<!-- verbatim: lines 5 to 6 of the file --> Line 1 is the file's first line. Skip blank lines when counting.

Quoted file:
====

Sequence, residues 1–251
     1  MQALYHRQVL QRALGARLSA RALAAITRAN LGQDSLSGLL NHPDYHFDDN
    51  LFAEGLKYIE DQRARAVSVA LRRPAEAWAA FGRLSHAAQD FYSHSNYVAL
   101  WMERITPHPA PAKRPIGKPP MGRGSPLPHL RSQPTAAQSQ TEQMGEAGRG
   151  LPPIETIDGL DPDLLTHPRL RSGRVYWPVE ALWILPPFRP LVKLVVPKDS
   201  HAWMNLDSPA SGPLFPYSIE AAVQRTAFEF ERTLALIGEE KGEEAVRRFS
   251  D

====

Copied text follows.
   151  LPPIETIDGL DPDLLTHPRL RSGRVYWPVE ALWILPPFRP LVKLVVPKDS
   201  HAWMNLDSPA SGPLFPYSIE AAVQRTAFEF ERTLALIGEE KGEEAVRRFS